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Setting up an LDAP authentication server will drive the user crazy with his Dropbox if you don't configure it properly.

Dropbox identify the machine  on which you work by looking at the hostname and stores this information in config files located in the home directory of the user {.dropbox & .dropbox-dist}.

Every time the user will login on a different computer will lead Dropbox to reset the local account as the hostname is different. 

Therefore Dropbox becomes a pain to use...

The trick here will be to have the Dropbox file located on the local machine and not in the NFS mounted home folder and to link these folder to the home directory.

You will then have to create the directory structure once for every computer the user will use.

Here is how to:

On the Client machine / or Server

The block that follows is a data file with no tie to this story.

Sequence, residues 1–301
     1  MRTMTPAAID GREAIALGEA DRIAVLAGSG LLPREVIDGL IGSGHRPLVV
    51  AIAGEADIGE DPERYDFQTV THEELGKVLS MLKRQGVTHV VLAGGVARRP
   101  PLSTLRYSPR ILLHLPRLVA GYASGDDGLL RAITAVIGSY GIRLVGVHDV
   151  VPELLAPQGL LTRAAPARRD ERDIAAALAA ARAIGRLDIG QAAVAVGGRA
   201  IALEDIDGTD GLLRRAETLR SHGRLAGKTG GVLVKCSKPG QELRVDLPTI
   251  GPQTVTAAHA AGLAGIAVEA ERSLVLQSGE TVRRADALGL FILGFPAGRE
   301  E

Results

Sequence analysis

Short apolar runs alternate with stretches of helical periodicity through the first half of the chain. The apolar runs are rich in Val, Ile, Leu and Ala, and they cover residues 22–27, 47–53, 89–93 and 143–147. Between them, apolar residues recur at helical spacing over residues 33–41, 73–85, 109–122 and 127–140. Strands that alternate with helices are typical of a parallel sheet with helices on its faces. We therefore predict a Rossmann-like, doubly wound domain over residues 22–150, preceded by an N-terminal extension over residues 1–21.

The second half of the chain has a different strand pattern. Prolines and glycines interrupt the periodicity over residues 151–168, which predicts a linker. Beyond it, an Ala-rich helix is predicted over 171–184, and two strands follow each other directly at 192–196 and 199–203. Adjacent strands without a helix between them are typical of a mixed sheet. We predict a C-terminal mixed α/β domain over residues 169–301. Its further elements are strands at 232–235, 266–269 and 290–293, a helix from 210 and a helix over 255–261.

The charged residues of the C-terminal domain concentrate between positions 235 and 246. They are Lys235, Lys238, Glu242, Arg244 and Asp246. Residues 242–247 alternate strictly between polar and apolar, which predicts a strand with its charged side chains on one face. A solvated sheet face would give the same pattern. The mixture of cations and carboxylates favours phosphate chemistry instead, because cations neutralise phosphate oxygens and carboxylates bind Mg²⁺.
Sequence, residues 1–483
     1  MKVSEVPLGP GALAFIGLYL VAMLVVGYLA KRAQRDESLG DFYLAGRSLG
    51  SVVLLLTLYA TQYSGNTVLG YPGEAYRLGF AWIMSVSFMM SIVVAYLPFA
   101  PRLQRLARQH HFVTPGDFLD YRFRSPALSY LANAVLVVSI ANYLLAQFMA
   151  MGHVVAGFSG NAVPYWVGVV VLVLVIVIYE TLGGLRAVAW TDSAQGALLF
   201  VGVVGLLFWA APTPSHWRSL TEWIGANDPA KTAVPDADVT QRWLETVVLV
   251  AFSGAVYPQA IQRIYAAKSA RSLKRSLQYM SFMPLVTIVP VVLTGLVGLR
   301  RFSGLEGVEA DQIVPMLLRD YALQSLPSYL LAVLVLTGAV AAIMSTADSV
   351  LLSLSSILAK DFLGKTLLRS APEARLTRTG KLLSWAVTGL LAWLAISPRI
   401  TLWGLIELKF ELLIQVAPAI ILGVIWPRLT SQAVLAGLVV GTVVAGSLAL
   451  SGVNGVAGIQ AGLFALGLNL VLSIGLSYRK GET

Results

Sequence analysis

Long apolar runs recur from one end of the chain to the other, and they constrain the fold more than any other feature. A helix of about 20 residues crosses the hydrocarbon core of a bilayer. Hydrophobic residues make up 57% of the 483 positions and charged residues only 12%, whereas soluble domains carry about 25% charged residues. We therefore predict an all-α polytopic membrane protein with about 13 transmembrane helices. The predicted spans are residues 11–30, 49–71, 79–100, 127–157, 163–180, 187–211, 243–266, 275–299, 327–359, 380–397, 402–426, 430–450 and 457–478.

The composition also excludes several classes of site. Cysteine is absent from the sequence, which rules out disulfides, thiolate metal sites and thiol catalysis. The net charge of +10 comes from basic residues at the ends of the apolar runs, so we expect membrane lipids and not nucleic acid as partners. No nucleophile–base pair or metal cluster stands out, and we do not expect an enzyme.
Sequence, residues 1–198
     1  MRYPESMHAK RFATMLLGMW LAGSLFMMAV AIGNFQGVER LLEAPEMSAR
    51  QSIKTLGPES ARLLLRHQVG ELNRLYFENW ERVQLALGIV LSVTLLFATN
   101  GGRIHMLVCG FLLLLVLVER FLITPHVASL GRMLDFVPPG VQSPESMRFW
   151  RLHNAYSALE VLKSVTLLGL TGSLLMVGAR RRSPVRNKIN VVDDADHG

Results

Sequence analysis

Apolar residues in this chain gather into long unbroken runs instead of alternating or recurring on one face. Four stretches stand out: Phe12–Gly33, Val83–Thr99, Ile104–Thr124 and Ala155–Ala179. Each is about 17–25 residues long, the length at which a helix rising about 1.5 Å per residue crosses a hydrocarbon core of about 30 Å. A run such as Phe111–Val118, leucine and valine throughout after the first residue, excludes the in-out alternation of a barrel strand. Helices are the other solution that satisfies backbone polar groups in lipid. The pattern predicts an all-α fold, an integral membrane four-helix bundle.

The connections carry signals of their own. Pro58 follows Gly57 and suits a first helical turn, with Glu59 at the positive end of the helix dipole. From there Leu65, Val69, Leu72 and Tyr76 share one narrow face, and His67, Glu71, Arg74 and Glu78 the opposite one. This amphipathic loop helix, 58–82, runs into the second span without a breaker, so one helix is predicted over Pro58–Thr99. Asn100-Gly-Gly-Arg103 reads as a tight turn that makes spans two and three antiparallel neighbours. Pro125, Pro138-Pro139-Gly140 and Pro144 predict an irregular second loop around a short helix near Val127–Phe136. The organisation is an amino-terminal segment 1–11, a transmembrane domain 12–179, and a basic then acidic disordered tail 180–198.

Create the folder structure

As root or sudoer

mkdir -p /media/Cloud/sam/
chown sam:users /media/Cloud/sam/
chmod 700 /media/Cloud/sam
su - sam


If the dropbox folders (.dropbox & .dropbox-dist) exists

mv .dropbox* /media/Cloud/sam/
mv Dropbox /media/Cloud/sam/


If they do not exist create them directly 

mkdir /media/Cloud/sam/.dropbox
mkdir /media/Cloud/sam/.dropbox-dist
chown -R sam:users /media/Cloud/sam
chmod -R 700 /media/Cloud/sam


Or copy them from the server

Replace the ip address and the username by the one of the server 

scp -rp sam@192.168.10.2:/media/Cloud/sam /media/Cloud/

 

cd ~
ln -s /media/Cloud/sam/.dropbox .dropbox
ln -s /media/Cloud/sam/.dropbox-dist .dropbox-dist

 

The main Dropbox folder, containing your synced files and folders, should stay in your home folder avoiding the sync every time your change computer.